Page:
Property price growth rate drops - report

BY Richard Summerfield

Property price growth rates have slowed in many of the world’s major city markets, according a new report from Knight Frank and EY.

In recent years, affordability has become a problem, limiting price growth. The report, entitled 'Global Tax Report 2015', examines holding and selling costs for overseas buyers of prime residential property between 2010 and 2015. According to the data, the slower rate of price growth in most major markets has made transaction costs and taxation increasingly important factors for investors.

“When purchasing property as an investment, tax is not necessarily the first concern but it is important because it is often the after-tax return that measures the success of the investment," said Carolyn Steppler, private client tax services partner at EY, UK & Ireland. "Our research shows that the tax burden across the cities in this report varies considerably both in amount and extent,” she added.

The joint report examines non-tax purchase, management and sale costs across 15 leading global cities, highlighting considerable variations. For example, international investors hoping to acquire property overseas can get the lowest costs in Shanghai. Monaco offers the lowest level of taxation when purchasing property valued between $1m and $10m.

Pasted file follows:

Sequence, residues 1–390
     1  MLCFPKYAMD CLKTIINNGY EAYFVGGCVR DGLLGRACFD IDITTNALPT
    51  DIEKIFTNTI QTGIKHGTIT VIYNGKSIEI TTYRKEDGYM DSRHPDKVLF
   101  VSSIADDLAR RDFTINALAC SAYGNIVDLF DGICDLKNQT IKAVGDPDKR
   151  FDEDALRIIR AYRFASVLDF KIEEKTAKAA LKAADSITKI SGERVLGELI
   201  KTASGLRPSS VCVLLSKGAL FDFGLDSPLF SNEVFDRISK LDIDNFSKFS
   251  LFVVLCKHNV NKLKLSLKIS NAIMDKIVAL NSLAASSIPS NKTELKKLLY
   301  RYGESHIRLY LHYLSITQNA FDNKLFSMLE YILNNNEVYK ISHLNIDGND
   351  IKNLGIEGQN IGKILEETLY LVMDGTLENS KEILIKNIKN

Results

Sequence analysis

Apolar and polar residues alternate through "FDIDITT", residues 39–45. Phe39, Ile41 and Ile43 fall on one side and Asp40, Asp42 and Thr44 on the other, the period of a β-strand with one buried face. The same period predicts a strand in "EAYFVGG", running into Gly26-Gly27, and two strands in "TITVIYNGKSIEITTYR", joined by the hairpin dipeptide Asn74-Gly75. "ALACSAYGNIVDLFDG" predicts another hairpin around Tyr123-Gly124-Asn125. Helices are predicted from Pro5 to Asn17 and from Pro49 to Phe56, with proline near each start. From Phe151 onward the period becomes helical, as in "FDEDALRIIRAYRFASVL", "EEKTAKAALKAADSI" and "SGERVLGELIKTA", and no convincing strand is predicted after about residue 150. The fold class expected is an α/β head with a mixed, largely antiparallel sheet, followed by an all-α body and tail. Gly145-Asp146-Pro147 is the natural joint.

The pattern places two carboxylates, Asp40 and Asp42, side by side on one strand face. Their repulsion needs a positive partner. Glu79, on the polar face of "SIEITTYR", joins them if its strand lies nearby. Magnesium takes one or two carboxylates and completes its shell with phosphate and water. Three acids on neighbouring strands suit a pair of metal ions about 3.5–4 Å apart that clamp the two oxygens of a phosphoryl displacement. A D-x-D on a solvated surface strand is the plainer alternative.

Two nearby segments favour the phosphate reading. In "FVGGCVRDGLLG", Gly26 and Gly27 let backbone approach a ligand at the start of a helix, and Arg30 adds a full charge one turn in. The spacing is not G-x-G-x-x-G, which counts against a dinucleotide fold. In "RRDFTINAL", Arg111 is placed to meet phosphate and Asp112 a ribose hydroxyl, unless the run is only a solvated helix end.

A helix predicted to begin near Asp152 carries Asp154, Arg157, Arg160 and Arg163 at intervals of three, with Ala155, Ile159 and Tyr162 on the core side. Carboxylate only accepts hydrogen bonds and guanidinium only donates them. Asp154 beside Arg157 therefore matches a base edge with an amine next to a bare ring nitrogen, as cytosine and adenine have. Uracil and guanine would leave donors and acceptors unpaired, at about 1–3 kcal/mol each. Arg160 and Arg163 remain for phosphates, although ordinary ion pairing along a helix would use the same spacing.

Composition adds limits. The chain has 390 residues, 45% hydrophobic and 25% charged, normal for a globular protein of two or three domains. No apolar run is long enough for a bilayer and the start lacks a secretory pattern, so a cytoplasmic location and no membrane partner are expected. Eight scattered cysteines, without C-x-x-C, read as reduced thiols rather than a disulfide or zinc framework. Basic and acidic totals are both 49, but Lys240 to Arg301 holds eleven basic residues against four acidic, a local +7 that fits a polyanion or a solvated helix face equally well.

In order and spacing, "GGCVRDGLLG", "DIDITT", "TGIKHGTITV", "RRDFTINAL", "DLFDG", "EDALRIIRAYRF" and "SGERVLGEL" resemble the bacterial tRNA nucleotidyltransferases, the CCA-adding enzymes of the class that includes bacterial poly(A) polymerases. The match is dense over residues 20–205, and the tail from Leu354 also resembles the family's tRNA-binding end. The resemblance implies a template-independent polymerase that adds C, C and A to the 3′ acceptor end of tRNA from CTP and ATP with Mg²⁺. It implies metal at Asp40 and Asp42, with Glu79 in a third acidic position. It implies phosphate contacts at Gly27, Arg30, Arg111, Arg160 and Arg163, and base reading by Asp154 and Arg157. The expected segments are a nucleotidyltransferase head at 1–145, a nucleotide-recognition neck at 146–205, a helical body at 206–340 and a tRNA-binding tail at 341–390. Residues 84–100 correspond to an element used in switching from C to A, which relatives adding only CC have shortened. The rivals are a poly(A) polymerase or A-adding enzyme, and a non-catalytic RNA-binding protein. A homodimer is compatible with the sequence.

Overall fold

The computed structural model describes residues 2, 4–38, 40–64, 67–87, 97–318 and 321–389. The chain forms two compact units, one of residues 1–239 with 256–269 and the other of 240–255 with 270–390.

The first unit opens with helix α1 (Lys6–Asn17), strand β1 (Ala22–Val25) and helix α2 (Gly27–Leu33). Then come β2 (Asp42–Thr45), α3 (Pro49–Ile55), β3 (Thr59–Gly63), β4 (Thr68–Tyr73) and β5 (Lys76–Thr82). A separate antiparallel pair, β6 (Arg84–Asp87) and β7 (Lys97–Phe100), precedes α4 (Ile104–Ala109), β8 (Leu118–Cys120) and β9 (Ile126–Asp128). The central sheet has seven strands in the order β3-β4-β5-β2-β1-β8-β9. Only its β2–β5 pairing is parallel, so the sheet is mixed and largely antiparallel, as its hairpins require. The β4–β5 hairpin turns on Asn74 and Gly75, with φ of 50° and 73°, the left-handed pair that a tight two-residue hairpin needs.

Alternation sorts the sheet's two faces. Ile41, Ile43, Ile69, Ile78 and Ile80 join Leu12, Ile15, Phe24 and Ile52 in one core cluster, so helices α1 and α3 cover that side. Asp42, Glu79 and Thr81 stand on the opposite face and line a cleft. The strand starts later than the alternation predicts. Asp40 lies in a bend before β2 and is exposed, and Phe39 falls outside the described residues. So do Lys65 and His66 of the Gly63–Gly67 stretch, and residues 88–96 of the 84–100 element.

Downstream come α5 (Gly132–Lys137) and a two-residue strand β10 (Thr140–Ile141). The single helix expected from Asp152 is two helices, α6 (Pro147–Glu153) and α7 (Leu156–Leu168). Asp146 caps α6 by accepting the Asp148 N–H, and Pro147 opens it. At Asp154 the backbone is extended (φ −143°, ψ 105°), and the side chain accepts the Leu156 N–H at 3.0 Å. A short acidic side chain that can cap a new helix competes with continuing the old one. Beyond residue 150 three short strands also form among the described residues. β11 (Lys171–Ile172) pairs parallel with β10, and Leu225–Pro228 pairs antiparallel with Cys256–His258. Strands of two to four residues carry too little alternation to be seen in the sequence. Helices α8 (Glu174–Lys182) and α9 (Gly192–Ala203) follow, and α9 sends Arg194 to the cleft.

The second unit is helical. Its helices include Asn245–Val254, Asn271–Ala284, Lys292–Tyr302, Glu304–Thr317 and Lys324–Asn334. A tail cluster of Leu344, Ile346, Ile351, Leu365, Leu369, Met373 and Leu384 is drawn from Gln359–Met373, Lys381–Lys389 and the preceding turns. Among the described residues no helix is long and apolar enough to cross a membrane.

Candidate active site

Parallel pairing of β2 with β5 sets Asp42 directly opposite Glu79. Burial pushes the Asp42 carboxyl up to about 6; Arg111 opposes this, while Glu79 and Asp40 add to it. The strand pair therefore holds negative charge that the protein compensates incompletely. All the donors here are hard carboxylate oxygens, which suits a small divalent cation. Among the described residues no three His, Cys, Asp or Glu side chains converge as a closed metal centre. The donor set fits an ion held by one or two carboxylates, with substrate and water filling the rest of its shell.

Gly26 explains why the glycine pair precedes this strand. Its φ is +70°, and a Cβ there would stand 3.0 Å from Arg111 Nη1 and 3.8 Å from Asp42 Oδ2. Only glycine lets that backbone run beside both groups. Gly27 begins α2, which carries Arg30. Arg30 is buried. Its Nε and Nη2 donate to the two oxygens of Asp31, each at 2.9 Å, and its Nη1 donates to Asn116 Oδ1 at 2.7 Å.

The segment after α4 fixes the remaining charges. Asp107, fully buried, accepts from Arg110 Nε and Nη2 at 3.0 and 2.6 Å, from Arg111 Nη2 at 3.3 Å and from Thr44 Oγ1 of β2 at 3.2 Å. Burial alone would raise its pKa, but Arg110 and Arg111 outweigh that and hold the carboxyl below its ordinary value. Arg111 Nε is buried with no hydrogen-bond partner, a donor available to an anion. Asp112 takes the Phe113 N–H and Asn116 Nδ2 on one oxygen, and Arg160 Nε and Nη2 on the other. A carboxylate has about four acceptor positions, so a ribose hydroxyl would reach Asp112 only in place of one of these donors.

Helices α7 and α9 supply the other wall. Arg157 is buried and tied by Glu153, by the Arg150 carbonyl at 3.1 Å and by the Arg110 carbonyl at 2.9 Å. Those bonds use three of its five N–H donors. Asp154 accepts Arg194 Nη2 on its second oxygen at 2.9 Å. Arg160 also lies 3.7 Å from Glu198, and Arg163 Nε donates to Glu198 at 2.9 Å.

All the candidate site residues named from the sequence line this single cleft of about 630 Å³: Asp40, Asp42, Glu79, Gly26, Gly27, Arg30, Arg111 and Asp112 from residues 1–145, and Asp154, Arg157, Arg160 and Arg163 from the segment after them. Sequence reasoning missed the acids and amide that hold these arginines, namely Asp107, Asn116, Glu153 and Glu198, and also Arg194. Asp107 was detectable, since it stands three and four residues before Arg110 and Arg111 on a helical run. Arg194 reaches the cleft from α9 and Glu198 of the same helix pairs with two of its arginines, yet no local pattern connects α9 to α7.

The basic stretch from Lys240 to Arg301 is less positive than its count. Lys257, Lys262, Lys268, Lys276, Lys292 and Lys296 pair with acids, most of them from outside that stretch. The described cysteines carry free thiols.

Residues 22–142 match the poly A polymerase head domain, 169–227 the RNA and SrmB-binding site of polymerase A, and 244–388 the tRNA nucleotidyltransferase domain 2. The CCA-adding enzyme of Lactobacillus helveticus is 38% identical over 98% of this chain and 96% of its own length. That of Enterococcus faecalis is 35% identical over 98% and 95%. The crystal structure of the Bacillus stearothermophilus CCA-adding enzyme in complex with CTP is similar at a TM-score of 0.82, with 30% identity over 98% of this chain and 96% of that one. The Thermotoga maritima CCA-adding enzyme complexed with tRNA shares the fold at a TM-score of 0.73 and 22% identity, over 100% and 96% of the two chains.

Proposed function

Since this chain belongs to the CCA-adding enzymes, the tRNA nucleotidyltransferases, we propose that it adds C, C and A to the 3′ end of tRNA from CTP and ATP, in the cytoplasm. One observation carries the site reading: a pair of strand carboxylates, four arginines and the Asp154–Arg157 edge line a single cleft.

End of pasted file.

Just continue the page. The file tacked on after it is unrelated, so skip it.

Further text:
The cost of UK tax equates to around 9.7 percent and 20.7 percent for $1m and $10m properties respectively. Taxation governing residential property in the UK and London specifically has changed considerably over the last two years. In December 2014, progressive stamp duty land tax rates were introduced, and in April 2015 the taxation of capital gains on the disposal of property by non-resident owners was also introduced. Potential alterations to inheritance tax in the UK could also impact activity as certain property investment structures will become much less attractive to investors. However, London’s position as an economic and cultural powerhouse will help maintain the city's lustre for international investors.

Cities where property costs are highest include Paris, Berlin and Geneva, with costs for a $10m property can exceed 10 percent.

Report: Global Tax Report 2015

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